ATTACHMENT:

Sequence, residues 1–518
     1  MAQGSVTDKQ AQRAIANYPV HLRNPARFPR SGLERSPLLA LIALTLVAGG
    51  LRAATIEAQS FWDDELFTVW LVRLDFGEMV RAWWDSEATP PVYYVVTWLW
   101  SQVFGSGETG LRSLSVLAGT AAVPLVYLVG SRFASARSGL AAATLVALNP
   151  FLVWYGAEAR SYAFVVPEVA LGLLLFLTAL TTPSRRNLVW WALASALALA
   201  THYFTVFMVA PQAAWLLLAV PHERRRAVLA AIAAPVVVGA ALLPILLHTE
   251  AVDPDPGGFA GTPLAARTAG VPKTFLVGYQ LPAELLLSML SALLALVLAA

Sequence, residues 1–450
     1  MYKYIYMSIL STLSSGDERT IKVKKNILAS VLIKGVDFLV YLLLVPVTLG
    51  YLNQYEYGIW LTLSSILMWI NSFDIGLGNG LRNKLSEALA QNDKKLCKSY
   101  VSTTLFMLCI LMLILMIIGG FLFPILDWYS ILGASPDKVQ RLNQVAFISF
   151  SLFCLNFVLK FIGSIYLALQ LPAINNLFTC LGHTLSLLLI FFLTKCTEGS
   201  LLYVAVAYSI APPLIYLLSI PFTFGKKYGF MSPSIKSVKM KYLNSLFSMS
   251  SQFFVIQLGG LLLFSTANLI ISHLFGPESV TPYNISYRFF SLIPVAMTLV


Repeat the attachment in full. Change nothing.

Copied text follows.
Sequence, residues 1–518
     1  MAQGSVTDKQ AQRAIANYPV HLRNPARFPR SGLERSPLLA LIALTLVAGG
    51  LRAATIEAQS FWDDELFTVW LVRLDFGEMV RAWWDSEATP PVYYVVTWLW
   101  SQVFGSGETG LRSLSVLAGT AAVPLVYLVG SRFASARSGL AAATLVALNP
   151  FLVWYGAEAR SYAFVVPEVA LGLLLFLTAL TTPSRRNLVW WALASALALA
   201  THYFTVFMVA PQAAWLLLAV PHERRRAVLA AIAAPVVVGA ALLPILLHTE
   251  AVDPDPGGFA GTPLAARTAG VPKTFLVGYQ LPAELLLSML SALLALVLAA

Sequence, residues 1–450
     1  MYKYIYMSIL STLSSGDERT IKVKKNILAS VLIKGVDFLV YLLLVPVTLG
    51  YLNQYEYGIW LTLSSILMWI NSFDIGLGNG LRNKLSEALA QNDKKLCKSY
   101  VSTTLFMLCI LMLILMIIGG FLFPILDWYS ILGASPDKVQ RLNQVAFISF
   151  SLFCLNFVLK FIGSIYLALQ LPAINNLFTC LGHTLSLLLI FFLTKCTEGS
   201  LLYVAVAYSI APPLIYLLSI PFTFGKKYGF MSPSIKSVKM KYLNSLFSMS
   251  SQFFVIQLGG LLLFSTANLI ISHLFGPESV TPYNISYRFF SLIPVAMTLV